Prague prosecutors have decided not to press criminal charges against Czech prime minister Andrej Babis, heralding the end of a long-running and high-profile fraud investigation that has dogged the billionaire’s premiership.
The case has hung over Mr Babis for four years, complicating his attempts to form a government after his Ano party won elections in 2017, and triggering the biggest street protests in the Czech Republic’s post-communist history.
In April, Czech police recommended charging Mr Babis with fraud and damaging the EU’s financial interests over the affair, which centred on the alleged misuse of a €2m EU subsidy received by the Stork’s Nest, a conference centre outside Prague.
However, prosecutors said on Friday that they had decided not to press charges against Mr Babis, who built up a business empire stretching from agriculture to the media via the Agrofert conglomerate he founded before going into politics in 2013.
The case centred on whether the Stork’s Nest, which was owned by Agrofert before being transferred to members of Mr Babis’s family and then back to Agrofert, had wrongly received the EU subsidy, for which only small and midsized businesses were eligible.
In a statement on Friday Martin Erazim, Prague’s municipal prosecutor, said that while the case had initially appeared to be a “simple fraudulent act”, he had concluded that when the subsidy was given, the Stork’s Nest fulfilled the conditions for the grant.
“The evidence collected led to the conclusion that the Stork’s Nest farm met the definition of a small or medium-sized business,” he said.
Mr Erazim’s decision could yet be overturned by the Czech Republic’s Supreme State Attorney, Pavel Zeman.
Mr Babis, who has repeatedly denied any wrongdoing, said that the affair was “invented . . . to harm me and remove me from politics”.
“This 12 year-old-thing has nothing to do with my political carrier and [the] subsidy to the company was accorded according to EU rules and Czech laws. Finally the money was returned under the huge three and a half [year-long] organised campaign by activist Czech journalists linked to traditional so-called democratic parties,” he told the FT.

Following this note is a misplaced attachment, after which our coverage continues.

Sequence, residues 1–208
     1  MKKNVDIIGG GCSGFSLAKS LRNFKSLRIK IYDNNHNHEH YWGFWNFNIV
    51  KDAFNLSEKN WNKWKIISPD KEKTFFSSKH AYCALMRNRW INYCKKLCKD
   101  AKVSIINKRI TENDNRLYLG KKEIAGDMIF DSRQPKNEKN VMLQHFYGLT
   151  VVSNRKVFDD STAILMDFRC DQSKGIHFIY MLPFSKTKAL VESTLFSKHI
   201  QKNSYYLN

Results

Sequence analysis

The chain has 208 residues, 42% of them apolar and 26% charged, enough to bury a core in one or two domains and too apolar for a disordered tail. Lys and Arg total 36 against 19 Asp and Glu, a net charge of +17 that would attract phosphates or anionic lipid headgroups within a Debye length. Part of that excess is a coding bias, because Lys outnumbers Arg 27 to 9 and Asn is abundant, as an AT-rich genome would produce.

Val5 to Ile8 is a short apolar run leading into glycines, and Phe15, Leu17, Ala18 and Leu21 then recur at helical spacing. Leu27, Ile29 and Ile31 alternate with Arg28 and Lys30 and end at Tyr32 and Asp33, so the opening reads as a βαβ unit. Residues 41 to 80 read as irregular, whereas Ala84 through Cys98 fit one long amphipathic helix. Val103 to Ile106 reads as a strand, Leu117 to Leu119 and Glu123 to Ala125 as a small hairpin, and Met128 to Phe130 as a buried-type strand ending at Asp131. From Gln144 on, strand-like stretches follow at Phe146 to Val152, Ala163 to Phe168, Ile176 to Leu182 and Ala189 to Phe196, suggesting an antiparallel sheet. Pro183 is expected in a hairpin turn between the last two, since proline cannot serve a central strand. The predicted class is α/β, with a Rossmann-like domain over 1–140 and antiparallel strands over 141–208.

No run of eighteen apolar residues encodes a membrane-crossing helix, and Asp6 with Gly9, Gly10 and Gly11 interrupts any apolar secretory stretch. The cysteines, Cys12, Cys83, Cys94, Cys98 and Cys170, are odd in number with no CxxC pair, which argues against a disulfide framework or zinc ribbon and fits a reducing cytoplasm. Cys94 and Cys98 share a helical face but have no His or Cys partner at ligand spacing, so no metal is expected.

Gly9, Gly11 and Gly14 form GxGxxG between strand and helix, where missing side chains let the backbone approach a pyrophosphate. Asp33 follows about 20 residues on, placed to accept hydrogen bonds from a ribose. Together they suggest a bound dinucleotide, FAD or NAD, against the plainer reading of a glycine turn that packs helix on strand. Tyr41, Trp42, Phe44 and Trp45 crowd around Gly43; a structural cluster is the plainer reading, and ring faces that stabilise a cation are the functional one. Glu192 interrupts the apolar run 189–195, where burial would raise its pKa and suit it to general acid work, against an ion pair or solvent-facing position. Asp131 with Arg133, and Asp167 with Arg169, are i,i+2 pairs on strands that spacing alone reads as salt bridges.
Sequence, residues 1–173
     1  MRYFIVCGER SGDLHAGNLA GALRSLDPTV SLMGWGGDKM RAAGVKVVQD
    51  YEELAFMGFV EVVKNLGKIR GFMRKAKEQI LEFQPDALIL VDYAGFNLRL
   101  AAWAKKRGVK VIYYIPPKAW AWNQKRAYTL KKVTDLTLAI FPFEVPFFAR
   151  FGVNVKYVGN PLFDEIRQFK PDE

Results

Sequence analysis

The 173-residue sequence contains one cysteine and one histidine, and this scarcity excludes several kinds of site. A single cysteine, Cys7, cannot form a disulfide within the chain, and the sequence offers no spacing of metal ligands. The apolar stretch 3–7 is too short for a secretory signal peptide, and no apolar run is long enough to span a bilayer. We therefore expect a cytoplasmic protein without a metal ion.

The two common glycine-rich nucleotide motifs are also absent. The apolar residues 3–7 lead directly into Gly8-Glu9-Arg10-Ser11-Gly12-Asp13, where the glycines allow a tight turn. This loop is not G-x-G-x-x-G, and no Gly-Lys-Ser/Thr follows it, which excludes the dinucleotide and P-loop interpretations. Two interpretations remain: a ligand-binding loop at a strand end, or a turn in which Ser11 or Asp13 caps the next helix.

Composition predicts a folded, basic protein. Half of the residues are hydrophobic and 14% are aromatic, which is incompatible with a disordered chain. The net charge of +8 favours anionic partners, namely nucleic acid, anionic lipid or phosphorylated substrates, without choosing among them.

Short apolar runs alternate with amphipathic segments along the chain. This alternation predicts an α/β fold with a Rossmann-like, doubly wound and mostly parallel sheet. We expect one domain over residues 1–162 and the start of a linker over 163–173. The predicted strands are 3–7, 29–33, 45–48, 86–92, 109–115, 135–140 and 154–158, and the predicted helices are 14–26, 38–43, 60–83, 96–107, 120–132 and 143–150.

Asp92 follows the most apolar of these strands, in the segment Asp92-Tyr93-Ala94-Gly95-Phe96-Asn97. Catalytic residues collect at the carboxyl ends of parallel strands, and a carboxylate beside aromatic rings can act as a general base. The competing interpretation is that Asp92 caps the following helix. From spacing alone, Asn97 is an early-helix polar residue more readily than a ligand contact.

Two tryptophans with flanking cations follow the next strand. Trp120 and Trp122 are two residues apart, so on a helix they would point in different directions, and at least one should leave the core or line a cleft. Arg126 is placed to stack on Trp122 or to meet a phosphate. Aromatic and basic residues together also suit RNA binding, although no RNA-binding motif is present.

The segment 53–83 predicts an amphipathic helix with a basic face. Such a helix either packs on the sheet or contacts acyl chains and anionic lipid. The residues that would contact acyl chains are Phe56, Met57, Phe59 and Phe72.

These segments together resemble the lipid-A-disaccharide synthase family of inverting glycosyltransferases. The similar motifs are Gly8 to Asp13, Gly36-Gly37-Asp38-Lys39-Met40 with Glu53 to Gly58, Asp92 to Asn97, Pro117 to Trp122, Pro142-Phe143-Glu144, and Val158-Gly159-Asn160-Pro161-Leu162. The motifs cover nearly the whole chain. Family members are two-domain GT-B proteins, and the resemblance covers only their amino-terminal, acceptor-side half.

Analysts said that while the decision not to proceed with the case, if confirmed by Mr Zeman, would take some legal pressure off Mr Babis, it was unlikely to ease pressure from protesters, who turned out against Mr Babis in huge numbers this year.
The protests began in April, after the then justice minister unexpectedly stepped down after police recommended charging Mr Babis. The minister was replaced by a Babis ally, prompting fears among protesters that this could portend political interference in the Stork’s Nest case.
Public ire was fuelled further after it emerged that a separate EU audit had preliminarily concluded that Mr Babis had a conflict of interest as Czech prime minister because of his business interests. Further protests have been called for this autumn.
“I don’t think this will change things in the parliament . . . But I expect protests to take place even earlier now [than planned]. This [decision by prosecutors] will raise concerns and suspicions that this is politically motivated,” said Milan Nic, from the German Council on Foreign Relations (DGAP).
Opposition politicians gave a guarded response to the decision not to press charges against Mr Babis. “I respect the decision, but the whole case leaves behind a [bad] taste and a divided society,” Petr Fiala, head of the ODS party, the Czech Republic’s largest opposition group, wrote on Twitter.
This story was updated on September 14 to include a comment provided by Mr Babis.
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